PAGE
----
Watermelon is an excellent source of vitamin C, which is an antioxidant that supports immune health and promotes wound healing. It is also an excellent source of vitamin A, which keeps your tissues healthy and supports optimal eye health. Watermelon is a good source of vitamin B6, which again, helps your immune system by generating antibodies to fight diseases. Two cups of watermelon is a source of potassium as well, a necessary mineral for water balance.
Most notably, watermelon has earned the title of “lycopene leader” among produce. Lycopene is an antioxidant that provides the rich red coloring in watermelon and has been studied for its potential role in reducing risk of heart disease and various cancers, and protecting the skin from harmful UV rays.
One cup of watermelon contains only 40 calories, and since it is over 90 percent water, watermelon is a low-calorie snack and great thirst-quencher.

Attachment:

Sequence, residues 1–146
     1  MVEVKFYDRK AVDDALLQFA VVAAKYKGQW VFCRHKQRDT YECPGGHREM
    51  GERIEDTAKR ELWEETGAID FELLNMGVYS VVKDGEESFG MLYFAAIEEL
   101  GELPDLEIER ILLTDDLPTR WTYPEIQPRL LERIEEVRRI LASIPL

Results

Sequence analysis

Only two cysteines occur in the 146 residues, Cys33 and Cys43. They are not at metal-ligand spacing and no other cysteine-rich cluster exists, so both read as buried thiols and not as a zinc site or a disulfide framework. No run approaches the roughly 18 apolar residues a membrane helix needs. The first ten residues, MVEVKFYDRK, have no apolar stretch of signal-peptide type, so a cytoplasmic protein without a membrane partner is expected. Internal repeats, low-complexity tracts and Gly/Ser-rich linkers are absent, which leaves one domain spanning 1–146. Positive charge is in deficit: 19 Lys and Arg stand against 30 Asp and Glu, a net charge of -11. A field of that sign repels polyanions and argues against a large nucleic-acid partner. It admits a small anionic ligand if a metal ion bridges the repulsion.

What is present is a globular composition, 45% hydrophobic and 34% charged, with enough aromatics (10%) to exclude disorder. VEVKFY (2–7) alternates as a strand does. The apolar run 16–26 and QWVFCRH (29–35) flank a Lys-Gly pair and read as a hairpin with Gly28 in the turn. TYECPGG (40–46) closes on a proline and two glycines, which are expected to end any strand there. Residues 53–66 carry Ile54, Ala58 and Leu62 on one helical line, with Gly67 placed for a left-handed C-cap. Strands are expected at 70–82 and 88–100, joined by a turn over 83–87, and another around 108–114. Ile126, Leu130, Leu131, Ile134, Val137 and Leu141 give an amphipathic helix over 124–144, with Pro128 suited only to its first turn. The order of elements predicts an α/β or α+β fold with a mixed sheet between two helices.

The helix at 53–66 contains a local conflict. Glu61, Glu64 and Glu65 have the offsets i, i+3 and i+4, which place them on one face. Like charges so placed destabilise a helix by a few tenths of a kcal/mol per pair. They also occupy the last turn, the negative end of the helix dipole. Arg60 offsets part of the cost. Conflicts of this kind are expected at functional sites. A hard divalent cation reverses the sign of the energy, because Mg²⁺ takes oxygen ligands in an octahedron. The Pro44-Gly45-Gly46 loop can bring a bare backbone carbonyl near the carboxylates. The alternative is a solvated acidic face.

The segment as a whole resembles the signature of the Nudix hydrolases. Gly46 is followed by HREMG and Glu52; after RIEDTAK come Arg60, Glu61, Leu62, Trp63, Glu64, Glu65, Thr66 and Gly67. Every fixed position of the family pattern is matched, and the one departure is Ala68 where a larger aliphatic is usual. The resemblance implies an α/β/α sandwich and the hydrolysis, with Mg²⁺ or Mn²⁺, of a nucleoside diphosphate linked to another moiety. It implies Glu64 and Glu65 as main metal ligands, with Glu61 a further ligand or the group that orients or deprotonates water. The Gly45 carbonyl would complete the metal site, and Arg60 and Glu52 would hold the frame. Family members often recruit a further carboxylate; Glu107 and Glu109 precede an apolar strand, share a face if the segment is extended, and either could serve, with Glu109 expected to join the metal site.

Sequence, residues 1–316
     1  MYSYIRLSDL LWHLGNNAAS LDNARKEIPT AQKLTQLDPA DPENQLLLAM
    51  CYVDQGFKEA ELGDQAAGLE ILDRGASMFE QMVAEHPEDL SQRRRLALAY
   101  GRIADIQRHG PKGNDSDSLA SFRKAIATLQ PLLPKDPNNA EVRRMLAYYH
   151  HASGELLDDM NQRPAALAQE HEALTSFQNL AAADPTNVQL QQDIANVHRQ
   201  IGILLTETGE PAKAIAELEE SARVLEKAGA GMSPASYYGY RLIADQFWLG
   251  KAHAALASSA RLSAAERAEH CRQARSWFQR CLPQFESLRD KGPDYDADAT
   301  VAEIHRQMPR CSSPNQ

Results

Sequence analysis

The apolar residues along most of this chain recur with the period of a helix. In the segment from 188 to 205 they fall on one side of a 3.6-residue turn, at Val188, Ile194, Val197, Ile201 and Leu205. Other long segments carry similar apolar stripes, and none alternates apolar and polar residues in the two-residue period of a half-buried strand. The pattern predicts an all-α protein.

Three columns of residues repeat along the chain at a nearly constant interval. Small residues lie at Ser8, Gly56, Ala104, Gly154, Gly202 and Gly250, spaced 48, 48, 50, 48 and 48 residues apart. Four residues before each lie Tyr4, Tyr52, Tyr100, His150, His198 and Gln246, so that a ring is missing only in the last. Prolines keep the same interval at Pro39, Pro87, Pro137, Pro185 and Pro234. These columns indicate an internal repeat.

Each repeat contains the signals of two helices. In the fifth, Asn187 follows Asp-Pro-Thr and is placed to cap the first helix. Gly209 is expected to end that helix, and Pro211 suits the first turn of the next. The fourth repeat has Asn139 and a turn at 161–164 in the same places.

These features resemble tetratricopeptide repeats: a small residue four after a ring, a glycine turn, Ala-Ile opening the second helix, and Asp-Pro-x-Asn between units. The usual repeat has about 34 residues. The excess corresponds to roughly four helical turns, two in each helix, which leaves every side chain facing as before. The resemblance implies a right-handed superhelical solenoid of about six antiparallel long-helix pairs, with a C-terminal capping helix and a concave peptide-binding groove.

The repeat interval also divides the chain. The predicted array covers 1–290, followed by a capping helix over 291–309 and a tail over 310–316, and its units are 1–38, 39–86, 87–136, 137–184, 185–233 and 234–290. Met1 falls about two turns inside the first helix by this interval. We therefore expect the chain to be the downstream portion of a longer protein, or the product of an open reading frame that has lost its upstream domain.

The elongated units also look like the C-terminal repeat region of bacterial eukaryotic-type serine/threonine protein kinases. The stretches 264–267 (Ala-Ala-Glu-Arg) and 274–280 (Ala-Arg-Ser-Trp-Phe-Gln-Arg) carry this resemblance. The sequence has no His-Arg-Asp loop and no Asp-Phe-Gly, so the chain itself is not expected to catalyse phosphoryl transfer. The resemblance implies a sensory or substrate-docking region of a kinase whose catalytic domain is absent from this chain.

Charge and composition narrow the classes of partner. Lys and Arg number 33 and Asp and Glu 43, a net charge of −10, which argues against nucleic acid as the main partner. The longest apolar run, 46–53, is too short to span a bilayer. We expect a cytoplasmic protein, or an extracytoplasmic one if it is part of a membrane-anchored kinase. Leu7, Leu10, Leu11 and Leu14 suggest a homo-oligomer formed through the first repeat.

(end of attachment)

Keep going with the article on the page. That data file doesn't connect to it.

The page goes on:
Local watermelon varieties are most abundant in their peak season from April through October. When selecting a watermelon, look for a firm, symmetrical melon that is free from bruises, cuts or dents. When you lift it up, the watermelon should be heavy for its size. When you turn it over, the underside of the watermelon should have a creamy yellow spot from where it sat on the ground and ripened in the sun.
Watermelon is also a budget-friendly fruit especially when it is in season. A single typical-sized watermelon can feed dozens of people, with an average serving cost of only 14 cents! Whole watermelons will keep for seven to 10 days at room temperature before losing flavor and texture. When sliced, watermelon is best stored in the refrigerator for three to four days.
Watermelon flesh, rind and juice are versatile and can be a great addition to a variety of meals and snacks.